North Carolina has over 100,000 miles of statewide highways and more than 17,000 bridges. In stark contrast to the other states included in this study, the state's department of transportation, NCDOT, is responsible for the maintenance and operation of more than 75 percent of the state's roadway network and bridges (versus an average of roughly 10 percent for the other study states). Responsibility for such a large share of the state's aging highway network places unusually high demands on NCDOT's highway resources. Also in contrast to the other study states, North Carolina's highway network continues to expand by more than 400 miles per year due to: (1) a legislative requirement to build out the state's intrastate highway network, (2) continued paving of rural dirt roads, and (3) NCDOT's responsibility to maintain roads constructed for housing developments located outside of municipal boundaries. These growing challenges are central to the department's strong interest in the initial development and ongoing improvement of its asset management program.
While the state's traffic congestion problems may be considered minor relative to those of California or even Michigan, these issues will become more significant if not addressed in the near term. As already noted, North Carolina continues to experience strong population growth. Moreover, the state's rate of growth in VMTs and AADT per lane is also larger than that experienced by either California or Michigan (although smaller than Utah's).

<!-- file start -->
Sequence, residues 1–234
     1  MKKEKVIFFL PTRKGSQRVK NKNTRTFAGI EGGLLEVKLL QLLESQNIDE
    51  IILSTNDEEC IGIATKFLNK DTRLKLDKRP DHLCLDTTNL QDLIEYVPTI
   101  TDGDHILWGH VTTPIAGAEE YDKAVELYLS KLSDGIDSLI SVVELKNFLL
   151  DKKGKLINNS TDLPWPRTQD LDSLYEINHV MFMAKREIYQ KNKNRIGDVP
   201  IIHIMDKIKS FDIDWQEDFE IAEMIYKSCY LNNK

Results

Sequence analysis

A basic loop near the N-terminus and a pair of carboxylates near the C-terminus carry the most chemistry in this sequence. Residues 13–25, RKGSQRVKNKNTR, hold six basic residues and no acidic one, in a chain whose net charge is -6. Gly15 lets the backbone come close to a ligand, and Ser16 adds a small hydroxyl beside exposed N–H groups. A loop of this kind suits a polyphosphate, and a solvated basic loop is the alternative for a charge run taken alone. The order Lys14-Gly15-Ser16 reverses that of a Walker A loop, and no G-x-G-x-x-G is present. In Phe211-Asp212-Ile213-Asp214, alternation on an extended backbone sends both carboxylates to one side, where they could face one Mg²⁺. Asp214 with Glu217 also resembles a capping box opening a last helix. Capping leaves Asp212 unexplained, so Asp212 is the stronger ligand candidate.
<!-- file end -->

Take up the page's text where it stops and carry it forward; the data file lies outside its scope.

Utah's geography is unique within the sample of states in this study in that it does not border any major bodies of water or reside on an international border or international waterway. Rather, Utah is "land-locked" and centrally located. Consequently, much of the traffic on interstate highways flows through the state (rather than originating and/or terminating within the state as with California, Michigan, and, to a lesser extent, North Carolina). The state also features a broad range of terrains including high mountain ranges, salt flats, and a rugged desert. These extremes in elevation and terrain also bring wide variation in temperature and snowfall.